Alta Gracia produces collegiate apparel for small schools like Quinnipiac University (CT) and Augustana College (SD) to the behemoths like Ohio State and UCLA. As one workers said, however, its not about this one factory in the DR:

“I hope that our prayers are answered and that there is not just one Alta Gracia factory but that there are hundreds of factories like Alta Gracia in the future so that my country can have a brighter future.”

The t-shirt I’m wearing today bears a college logo. It was made in a factory in Honduras under a contract to Champion. I checked out the company’s website to read its corporate responsibility policy or any other info on where and how its collegiate wear is manufactured. I struggled to find anything of the sort, until I saw a text box near the bottom of Champion’s homepage announcing its “No-sweat” guarantee. At last, something to ease my mind that the shirt on my back was not made with sweatshop labor. I click on the link to read:

“We back our unbeatable products with unbeatable service. Return any item, any time, for any reason, for a refund or replacement –your choice. With us, you’re always the champion.”

Oh my, we’re on different wave lengths. They’re worried about the potential sweat on my brow if I don’t like their t-shirt, not a peep about policies on sweat-shop free working conditions. This company might want me to believe I’m a champion, but not finding any info about their labor rights policies makes me fear the worst about the shirt I’m wearing. I might feel like a champion had I been a more educated consumer and known about the Alta Gracia label before buying my latest college promo t-shirt.

3 thoughts on “Football Saturdays meet workers’ rights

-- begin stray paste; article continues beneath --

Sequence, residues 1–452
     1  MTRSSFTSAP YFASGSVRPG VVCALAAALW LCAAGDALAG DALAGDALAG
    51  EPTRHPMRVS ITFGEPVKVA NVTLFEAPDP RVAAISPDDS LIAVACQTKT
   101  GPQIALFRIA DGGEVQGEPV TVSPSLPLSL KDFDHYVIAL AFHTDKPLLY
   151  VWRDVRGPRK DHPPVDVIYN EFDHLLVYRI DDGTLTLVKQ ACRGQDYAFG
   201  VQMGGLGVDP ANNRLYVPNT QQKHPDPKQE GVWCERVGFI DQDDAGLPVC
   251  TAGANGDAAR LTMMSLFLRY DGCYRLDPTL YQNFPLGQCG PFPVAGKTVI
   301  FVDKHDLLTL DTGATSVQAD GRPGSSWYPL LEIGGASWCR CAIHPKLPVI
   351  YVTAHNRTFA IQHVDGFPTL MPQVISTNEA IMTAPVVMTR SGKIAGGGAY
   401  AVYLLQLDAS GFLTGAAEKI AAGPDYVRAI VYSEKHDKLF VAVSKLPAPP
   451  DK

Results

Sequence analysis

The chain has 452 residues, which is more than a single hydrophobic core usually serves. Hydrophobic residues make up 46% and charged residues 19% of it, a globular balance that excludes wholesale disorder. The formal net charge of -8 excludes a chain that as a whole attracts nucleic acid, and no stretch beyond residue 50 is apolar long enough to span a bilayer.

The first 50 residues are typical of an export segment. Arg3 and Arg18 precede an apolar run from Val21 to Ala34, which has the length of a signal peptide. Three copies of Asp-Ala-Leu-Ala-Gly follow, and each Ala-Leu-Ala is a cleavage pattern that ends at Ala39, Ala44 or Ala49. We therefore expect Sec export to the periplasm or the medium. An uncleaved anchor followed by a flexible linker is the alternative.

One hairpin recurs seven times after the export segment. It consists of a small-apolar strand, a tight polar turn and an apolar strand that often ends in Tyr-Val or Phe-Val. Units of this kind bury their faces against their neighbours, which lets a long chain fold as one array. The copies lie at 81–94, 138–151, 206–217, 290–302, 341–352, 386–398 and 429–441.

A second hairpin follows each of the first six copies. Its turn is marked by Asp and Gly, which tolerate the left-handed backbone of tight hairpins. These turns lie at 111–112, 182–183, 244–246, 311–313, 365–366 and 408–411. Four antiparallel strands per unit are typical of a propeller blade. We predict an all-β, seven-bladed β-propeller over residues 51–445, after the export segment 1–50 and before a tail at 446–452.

1. So we put the $.93 an hour people on the unemployment line (poor get poorer). We support a new company that is a little bit less of a “sweat-shop” but still a SWEAT-SHOP. And they sell this product at US mark-up prices? What happened to the US worker with OSHA, workers comp, US minimum wages, etc to protect them? Why not support the US worker and setup trade rules that require US standards be met on all products before importing to the US?

  2. Why not support the US worker and setup trade rules that require US standards be met on all products before importing to the US?

    How would you implement this? Who would do this? The US government? They have problems ensuring the quality of our food that is produced in the US. Imagine trying to do this for imports. If we implemented this products would cost more and consumers would not purchase them. Let other countries manufacture certain products.
    We need to focus on higher skilled better paying jobs.

    This is the reality of the global economy. We want inexpensive products and there will always be somebody willing to work in poor conditions for low pay.